The goal of prescribing antiretroviral therapy (ART) to people living with HIV is maintaining plasma HIV RNA levels below the lower limits of detection (LLOD) of current assays, which helps to preserve immunologic function and reduces HIV-associated morbidity and mortality.1 Patients who cannot achieve virologic suppression or experience virologic rebound may develop resistance to one or more components of their regimen, limiting future treatment options.
When HIV RNA levels persist above 200 copies/mL, patients are considered to be in virologic failure.1 Virologic failure may result from adherence-related factors, which can stem from psychosocial challenges, comorbidities, adverse drug effects, and more. It may also result from factors related to HIV, such as having acquired drug-resistant virus, or ART regimen factors, including suboptimal pharmacokinetics or virologic potency, low genetic barrier to resistance, and drug-drug interactions with concomitant medications. Distinguishing among different causes of virologic failure is important when considering approaches to subsequent therapy.
Evaluation of virologic failure includes assessments of1:
Drug-drug and drug-food interactions
HIV RNA level and CD4 count over time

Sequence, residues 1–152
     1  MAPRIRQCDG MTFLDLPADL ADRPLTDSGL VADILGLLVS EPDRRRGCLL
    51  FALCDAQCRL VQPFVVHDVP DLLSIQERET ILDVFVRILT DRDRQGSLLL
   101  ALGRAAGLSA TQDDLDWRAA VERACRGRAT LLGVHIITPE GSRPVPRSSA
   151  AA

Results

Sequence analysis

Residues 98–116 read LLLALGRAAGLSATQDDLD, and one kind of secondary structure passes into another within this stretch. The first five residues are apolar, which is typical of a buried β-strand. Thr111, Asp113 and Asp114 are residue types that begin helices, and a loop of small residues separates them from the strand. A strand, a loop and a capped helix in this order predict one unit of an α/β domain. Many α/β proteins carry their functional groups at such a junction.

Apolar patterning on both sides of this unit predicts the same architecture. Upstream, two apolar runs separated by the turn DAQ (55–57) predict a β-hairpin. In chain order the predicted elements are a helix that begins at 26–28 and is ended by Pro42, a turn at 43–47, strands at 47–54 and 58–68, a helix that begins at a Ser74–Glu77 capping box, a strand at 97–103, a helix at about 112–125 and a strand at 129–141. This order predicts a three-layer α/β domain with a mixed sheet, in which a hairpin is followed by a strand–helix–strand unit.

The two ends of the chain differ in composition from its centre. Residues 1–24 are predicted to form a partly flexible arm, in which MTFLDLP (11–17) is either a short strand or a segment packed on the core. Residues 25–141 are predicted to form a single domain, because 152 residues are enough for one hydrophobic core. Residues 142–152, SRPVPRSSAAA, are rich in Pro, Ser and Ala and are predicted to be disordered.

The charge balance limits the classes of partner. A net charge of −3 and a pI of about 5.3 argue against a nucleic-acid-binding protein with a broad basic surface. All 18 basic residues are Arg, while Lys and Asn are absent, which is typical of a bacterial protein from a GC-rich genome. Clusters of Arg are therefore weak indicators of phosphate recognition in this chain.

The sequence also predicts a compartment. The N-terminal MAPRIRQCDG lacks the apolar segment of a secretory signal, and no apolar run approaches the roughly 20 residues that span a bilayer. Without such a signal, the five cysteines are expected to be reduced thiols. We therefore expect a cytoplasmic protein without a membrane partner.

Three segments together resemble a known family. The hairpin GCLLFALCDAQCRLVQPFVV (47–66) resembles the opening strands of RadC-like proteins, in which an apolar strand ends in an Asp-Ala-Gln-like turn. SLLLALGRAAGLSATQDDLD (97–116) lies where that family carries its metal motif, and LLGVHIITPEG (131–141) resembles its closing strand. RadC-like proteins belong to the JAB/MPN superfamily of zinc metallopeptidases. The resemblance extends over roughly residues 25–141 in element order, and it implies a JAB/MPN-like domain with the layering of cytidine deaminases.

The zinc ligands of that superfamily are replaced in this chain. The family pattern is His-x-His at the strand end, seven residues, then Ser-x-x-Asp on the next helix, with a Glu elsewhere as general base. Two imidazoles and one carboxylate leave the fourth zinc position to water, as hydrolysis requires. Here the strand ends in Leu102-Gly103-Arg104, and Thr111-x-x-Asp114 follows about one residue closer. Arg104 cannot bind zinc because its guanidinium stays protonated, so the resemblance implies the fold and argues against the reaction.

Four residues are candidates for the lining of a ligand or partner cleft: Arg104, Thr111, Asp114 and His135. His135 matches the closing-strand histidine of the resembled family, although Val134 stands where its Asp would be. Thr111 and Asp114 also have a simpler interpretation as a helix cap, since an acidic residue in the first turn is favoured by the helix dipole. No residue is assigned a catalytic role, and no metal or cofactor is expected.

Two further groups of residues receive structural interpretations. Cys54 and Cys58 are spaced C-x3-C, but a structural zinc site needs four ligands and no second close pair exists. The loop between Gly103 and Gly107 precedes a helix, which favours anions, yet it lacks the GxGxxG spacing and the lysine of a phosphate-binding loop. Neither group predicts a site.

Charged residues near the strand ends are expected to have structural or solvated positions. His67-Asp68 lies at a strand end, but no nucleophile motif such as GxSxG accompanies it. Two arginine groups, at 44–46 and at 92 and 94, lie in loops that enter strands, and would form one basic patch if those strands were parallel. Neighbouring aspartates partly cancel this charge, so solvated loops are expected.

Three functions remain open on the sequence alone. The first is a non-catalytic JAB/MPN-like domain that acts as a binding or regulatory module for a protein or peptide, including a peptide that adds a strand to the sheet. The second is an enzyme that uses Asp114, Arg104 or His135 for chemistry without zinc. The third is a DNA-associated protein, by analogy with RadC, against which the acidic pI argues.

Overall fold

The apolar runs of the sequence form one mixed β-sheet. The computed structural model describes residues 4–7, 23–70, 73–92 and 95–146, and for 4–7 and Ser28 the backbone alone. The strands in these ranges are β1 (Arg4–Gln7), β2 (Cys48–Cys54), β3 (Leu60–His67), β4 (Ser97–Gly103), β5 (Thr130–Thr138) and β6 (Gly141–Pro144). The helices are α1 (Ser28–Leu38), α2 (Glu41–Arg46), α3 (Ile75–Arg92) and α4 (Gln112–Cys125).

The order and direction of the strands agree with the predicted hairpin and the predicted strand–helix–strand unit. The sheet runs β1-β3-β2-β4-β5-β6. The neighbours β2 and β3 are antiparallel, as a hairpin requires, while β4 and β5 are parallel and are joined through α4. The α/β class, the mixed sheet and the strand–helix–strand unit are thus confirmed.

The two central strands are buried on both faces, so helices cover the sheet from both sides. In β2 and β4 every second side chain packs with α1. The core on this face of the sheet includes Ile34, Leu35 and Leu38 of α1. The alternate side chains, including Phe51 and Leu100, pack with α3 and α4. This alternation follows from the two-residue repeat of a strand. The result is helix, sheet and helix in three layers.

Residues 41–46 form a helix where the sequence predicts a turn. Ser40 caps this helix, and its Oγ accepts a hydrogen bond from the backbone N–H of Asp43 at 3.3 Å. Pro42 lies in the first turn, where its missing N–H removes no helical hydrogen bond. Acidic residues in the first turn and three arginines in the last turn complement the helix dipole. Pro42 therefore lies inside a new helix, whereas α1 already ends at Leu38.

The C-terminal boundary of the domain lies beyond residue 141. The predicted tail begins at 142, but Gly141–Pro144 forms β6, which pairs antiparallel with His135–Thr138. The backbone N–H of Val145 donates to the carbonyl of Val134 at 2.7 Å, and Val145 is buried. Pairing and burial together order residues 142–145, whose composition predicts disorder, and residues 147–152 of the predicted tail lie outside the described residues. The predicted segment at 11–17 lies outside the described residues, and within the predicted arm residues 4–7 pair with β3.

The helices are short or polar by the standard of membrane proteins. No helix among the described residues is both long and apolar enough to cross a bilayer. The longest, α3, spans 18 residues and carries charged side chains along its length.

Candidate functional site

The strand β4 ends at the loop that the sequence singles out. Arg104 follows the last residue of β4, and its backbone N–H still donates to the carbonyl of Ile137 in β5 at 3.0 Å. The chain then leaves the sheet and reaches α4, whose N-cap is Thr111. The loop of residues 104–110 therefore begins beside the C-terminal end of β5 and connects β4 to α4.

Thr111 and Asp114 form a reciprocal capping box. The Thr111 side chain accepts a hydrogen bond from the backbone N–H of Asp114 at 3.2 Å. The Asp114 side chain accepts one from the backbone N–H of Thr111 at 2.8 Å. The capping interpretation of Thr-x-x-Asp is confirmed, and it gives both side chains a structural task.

Drug-resistance test results
Managing treatment-experienced patients failing ART is complex, and consulting with an expert is recommended.1 To help guide therapy, drug resistance testing should be performed, ideally while the patient is still taking the failing regimen or within 4 weeks of discontinuation. Subsequently, the new regimen selected should include at least 2 fully active agents that have uncompromised activity on the patient’s HIV.
Fully active antiretroviral agents1:
Have uncompromised activity based on patients’ ART history and resistance test results
1. Panel on Antiretroviral Guidelines for Adults and Adolescents. Guidelines for the use of antiretroviral agents in adults and adolescents with HIV. Department of Health and Human Services. Available at https://clinicalinfo.hiv.gov/sites/default/files/inline-files/AdultandAdolescentGL.pdf. Accessed October 9, 2020.
HVUWCNT200007 October 2020
You may also be interested in:
HIV and Coronavirus (COVID-19)
Review interim guidance for treating people living with HIV regarding COVID-19
By clicking "Allow," you will be taken to a separate website.
By clicking "Allow," you will be taken to a website that is independent of ViiV Healthcare. The site you are linking to is not controlled or endorsed by ViiV Healthcare, and ViiV Healthcare is not responsible for content provided on that site.